Monday, February 04, 2013

Levain-Inspired Chocolate Chip Walnut Cookies

Remember that time I proclaimed I'd made the best chocolate chip cookies ever? And that they were replicas of Levain Bakery's famous confections?

I was wrong.

Those cookies are fantastic, but I've since had the pleasure of actually eating Levain cookies, and those ain't them.

Part cookie, part scone, Levain's creations defy everything we've been taught about "the perfect cookie", as well as most of what I've read about Levain.

They're not exactly chewy, but they're not crispy either. They're tender, but not raw in the center. They're hefty and toothsome, each bite leaving you satisfied yet wanting more. They're full of complex flavor, but not distractingly so. They have all of the nostalgia and familiarity of America's favorite cookie, but somehow amplified and improved.

They're more, but not too much.

Since I live on the West Coast, I've been working on homemade versions for the past six weeks. Untold quantities of flour, butter and sugar later, I've not only come up with what I believe to be a close approximation of Levain's creations, but also gluten-free versions. (Thank you, Cup4Cup, for making a gluten-free flour that lives up to its promise of a 1:1 substitution for wheat flour in virtually any recipe.) And because I adore sea salt on my chocolate chip cookies, my recipe calls for a sprinkling of flaky Maldon before baking.

Gluten-free or not, I suggest you waste no time making these incredible cookies yourself. And don't bother with using frozen butter that's been cubed or grated, as so many Levain copycat recipes advise. I've tried those techniques and got the best results from the tried and true method of creaming ever-so-slightly softened butter with sugar. Nostaligia, indeed.

Salted Chocolate Chip Cookies with Toasted Walnuts
Makes about 9 (6-ounce) to 18 (3-ounce) cookies

Toasting the walnuts enhances their flavor, giving these cookies a wonderfully nutty crunch without a hint of bitterness. You can of course omit the walnuts or substitute another nut of choice, but if you're not allergic, do try them.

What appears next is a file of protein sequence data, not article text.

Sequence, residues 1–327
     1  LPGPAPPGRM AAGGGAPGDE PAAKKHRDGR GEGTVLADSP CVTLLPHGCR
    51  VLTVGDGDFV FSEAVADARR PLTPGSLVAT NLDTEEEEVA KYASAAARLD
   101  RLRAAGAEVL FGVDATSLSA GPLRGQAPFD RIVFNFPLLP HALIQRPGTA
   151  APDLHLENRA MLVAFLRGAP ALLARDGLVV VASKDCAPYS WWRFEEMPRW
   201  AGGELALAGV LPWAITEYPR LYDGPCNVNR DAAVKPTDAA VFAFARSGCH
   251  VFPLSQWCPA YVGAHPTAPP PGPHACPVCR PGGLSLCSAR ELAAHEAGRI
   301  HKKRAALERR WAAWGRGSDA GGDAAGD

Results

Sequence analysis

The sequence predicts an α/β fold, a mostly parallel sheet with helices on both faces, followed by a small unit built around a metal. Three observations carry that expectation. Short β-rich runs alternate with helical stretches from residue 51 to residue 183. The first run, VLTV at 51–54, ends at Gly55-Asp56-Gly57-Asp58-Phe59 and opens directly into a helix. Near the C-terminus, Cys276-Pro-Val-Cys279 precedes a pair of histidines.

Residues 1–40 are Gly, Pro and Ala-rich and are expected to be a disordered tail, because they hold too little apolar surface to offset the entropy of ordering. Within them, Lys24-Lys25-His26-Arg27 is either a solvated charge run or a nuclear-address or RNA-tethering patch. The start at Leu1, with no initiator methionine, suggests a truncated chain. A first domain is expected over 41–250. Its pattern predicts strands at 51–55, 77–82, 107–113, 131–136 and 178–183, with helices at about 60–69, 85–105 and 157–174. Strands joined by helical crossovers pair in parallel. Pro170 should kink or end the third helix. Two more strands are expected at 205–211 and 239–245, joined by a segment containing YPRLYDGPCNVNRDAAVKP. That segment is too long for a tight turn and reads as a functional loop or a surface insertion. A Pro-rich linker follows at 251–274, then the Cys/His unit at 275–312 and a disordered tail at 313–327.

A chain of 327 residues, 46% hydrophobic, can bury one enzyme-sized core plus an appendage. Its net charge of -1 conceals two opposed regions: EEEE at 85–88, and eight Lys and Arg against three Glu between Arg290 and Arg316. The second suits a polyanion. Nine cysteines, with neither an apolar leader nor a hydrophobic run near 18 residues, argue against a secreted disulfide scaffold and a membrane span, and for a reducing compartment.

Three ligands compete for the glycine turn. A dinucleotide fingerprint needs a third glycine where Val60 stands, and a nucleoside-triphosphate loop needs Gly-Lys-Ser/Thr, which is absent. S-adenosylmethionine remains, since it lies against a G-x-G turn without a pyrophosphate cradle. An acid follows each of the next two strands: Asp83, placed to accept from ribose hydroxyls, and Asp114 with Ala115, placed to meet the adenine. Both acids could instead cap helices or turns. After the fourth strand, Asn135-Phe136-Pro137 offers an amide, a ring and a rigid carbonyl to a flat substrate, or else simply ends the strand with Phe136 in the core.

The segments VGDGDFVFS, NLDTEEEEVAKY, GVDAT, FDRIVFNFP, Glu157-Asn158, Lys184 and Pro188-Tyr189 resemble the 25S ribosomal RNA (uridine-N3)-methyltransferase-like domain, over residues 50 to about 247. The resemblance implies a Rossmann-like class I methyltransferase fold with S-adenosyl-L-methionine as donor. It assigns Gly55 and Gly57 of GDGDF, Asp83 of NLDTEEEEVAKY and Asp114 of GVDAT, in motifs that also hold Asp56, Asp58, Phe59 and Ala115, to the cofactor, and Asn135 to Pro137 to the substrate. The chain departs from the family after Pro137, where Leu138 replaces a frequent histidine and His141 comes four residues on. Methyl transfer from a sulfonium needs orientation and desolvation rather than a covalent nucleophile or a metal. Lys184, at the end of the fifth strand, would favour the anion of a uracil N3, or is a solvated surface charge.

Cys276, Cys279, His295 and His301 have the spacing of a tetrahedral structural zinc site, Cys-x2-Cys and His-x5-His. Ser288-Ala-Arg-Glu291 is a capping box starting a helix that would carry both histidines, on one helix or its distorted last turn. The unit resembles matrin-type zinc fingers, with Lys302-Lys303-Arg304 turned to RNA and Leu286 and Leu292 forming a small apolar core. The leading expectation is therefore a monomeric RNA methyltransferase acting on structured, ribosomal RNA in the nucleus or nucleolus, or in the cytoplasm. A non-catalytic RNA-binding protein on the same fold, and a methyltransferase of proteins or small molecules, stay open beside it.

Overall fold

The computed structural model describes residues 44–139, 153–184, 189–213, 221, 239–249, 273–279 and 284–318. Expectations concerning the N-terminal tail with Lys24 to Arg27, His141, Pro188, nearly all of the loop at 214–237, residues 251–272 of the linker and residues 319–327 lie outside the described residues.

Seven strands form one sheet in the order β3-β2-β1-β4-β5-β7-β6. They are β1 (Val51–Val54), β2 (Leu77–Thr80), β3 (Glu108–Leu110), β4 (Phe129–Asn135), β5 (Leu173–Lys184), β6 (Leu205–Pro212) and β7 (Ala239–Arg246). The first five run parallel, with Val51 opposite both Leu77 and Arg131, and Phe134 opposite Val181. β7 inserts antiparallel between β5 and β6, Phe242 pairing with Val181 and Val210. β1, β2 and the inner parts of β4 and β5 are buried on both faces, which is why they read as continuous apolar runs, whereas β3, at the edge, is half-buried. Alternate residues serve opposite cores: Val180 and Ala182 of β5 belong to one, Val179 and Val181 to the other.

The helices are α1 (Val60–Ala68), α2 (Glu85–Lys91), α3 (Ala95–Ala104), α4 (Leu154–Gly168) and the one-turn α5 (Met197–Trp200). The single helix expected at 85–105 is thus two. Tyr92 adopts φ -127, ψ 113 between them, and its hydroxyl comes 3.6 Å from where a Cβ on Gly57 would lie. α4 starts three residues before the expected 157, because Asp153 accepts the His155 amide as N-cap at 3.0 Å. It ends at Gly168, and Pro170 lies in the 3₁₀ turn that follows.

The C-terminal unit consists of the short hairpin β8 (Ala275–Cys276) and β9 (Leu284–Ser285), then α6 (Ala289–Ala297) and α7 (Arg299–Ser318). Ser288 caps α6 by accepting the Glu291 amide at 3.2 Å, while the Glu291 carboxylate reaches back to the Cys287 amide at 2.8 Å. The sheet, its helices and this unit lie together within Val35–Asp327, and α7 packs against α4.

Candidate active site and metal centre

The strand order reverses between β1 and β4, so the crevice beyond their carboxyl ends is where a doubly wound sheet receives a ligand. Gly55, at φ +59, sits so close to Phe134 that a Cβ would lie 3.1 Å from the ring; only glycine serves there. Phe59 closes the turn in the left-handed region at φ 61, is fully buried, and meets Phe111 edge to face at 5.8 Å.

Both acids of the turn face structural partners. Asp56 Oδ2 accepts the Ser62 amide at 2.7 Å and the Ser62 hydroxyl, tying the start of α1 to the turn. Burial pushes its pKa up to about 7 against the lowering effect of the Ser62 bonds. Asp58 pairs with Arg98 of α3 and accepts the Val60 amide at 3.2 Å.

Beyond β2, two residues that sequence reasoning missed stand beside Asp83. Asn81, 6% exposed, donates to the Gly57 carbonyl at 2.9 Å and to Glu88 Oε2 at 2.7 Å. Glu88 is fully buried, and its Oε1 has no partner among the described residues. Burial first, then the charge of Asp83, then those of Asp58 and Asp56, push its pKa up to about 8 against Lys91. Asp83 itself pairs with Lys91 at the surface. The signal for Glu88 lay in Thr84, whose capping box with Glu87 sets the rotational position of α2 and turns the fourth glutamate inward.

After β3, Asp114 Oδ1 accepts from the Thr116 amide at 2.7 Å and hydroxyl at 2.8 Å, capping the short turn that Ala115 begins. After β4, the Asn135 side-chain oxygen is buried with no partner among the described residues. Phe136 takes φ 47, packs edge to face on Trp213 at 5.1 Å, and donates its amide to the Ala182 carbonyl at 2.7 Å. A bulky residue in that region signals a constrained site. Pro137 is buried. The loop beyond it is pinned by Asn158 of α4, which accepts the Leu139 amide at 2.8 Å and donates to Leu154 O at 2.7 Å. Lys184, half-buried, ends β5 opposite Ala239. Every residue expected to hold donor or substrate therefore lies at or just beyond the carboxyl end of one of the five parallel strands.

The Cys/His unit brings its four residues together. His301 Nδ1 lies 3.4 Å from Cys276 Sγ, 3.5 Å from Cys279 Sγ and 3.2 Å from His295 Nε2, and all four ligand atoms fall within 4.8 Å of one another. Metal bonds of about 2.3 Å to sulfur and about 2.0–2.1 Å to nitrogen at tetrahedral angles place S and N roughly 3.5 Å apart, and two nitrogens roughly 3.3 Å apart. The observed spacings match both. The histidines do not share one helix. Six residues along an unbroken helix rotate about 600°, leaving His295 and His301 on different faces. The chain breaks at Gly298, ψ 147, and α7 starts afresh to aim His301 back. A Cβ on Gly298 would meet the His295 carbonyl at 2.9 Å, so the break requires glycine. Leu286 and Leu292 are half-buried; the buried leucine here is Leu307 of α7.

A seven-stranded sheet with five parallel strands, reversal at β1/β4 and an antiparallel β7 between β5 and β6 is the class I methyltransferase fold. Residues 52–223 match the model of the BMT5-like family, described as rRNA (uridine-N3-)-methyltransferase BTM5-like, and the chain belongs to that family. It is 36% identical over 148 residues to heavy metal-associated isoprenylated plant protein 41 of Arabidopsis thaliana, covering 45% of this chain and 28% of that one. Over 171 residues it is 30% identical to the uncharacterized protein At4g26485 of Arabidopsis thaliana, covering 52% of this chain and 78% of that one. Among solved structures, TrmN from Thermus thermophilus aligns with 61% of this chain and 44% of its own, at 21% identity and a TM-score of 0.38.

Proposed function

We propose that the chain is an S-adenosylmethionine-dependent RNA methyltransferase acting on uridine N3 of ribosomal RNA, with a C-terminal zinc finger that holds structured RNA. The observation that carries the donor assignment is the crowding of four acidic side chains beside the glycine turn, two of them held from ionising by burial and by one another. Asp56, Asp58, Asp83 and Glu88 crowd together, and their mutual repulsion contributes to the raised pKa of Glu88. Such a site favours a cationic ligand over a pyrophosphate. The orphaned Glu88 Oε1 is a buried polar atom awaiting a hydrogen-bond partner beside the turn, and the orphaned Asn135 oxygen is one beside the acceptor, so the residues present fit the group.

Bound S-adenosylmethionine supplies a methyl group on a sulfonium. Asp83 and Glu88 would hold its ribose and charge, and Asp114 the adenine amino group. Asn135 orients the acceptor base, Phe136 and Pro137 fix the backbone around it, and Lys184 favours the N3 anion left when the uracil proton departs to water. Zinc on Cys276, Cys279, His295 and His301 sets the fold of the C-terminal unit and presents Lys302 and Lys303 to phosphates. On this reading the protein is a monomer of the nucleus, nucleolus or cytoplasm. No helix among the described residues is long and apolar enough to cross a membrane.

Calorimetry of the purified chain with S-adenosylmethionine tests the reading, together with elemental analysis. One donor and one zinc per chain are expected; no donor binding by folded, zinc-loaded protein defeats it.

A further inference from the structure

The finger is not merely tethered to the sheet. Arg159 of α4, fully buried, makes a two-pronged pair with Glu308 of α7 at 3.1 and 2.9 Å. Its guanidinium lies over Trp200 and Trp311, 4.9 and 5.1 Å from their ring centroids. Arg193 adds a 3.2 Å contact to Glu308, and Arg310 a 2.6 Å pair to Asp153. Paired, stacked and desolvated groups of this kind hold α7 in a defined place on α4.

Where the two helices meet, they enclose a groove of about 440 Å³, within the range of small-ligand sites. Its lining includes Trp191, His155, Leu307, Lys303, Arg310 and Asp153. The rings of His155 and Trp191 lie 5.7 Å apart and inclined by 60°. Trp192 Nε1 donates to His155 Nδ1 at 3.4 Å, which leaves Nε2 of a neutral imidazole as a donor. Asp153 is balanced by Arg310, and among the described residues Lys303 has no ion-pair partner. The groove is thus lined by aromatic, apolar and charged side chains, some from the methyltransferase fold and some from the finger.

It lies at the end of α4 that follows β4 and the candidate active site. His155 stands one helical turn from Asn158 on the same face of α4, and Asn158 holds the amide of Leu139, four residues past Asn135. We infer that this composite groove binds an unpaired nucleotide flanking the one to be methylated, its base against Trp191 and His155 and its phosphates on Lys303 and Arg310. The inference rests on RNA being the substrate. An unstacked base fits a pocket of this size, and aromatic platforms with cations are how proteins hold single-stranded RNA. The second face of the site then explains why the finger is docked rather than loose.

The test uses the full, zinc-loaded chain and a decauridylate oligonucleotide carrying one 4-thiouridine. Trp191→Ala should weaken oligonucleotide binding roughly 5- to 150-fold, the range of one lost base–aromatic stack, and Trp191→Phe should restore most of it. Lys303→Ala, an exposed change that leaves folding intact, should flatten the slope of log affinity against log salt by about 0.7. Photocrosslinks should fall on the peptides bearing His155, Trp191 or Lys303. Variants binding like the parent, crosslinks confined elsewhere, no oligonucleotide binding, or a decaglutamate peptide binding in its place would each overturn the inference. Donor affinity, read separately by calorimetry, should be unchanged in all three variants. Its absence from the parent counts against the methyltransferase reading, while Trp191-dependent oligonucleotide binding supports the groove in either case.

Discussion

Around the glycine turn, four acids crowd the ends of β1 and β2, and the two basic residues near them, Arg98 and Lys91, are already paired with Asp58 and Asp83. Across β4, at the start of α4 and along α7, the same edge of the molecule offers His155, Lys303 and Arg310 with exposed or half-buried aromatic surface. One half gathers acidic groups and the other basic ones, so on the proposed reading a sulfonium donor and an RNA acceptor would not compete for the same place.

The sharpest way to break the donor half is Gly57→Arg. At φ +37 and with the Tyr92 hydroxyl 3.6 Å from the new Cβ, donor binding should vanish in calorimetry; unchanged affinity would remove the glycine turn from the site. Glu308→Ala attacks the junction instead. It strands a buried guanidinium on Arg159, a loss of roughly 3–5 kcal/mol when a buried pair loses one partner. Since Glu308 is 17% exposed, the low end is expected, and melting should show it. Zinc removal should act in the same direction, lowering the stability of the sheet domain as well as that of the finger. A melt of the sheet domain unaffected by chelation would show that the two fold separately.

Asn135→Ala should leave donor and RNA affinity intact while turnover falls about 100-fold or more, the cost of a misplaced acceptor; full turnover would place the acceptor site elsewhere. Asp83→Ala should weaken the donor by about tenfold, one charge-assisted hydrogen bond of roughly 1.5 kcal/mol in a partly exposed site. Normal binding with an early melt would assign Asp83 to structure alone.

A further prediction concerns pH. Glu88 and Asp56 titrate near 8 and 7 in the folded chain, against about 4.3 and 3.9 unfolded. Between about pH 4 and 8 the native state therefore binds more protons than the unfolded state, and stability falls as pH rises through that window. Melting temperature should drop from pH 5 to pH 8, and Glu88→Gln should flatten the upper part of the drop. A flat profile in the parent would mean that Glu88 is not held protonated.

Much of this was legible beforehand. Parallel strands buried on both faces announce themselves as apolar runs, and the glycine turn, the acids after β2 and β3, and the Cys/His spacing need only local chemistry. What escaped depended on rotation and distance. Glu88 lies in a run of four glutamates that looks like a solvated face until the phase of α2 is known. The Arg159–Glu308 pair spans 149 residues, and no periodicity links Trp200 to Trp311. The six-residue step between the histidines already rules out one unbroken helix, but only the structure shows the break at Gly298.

2 cups walnut halves
3 1/2 cups (17 ounces) all-purpose flour OR Cup4Cup Gluten-Free Flour
1 teaspoon baking powder
1/2 teaspoon baking soda
1 teaspoon Diamond Kosher salt
2 sticks (1 cup/8 ounces) unsalted butter, softened slightly but still cool to the touch
3/4 cup evaporated cane juice (or standard granulated sugar)
1/4 cup dark brown sugar
1/4 cup Turbinado (raw) sugar (for texture and flavor; you can substitute regular or brown sugar)
2 eggs, cold
1 Tablespoon pure vanilla extract or vanilla bean paste
2 cups (12 ounces) semi-sweet chocolate chips or chunks (recommended: Guittard Semi-Sweet Chocolate Chips or Scharffen-Berger 62% or 70% Cacao Baking Chunks)
Flaky sea salt (such as Maldon), for sprinkling (optional)

1. Toast the walnut halves: spread nuts on a baking sheet lined with parchment and bake at 350 degrees F for 12 minutes, tossing the nuts and rotating the baking sheet halfway through baking. Set aside to cool while you prepare the dough.

2. In a medium bowl, whisk together the flour, baking powder, baking soda and salt. Set aside.

3. In the bowl of a stand mixer fitted with the paddle attachment, cream the butter with the sugars until light and fluffy. Stop the mixer and scrape down the sides and paddle. Add the eggs, one at a time, mixing on low speed until incorporated. Add the vanilla and mix to combine.

4. Stop the mixer and add the flour mixture, chocolate chips or chunks, and toasted walnut halves. Mix, starting on the lowest speed and progressing to medium-low speed, until the mixture just comes together into a uniform dough. Be careful not to over mix, or the dough will become tough (or gummy, if using gluten-free flour).

5. Refrigerate the dough in an airtight container or plastic wrap for at least four hours or, preferably, two to four days.

6. When you're ready to bake the cookies, remove the dough from the refrigerator and let it stand at room temperature for about 30 minutes, or until it's softened a bit but still cold.

7. Line two half-sheet baking pans with silicone baking mats and/or parchment paper. Heat oven to 350 degrees F.

8. Portion the dough into 6-ounce or 3-ounce balls. (If you don't have a scale, use a half-cup or quarter-cup dry measure.) Place dough balls on baking sheets, spacing evenly apart and at least 2 inches from the sides, and sprinkle with sea salt if desired.

9. Bake for 12 minutes (for 3-ounce cookies) to 20 minutes (for 6-ounce cookies), or until golden brown on the sides and top but still soft in the middle. Be sure to rotate the baking sheets back to front and top to bottom halfway through baking. Remove the sheets from the oven and place on cooling racks for five minutes, then transfer cookies directly to racks to cool completely.

The cookies will keep in an airtight container at room temperature or in the refrigerator for up to four days, or in the freezer for up to a month. (Defrost cookies in plastic wrap or container to collect condensation.)

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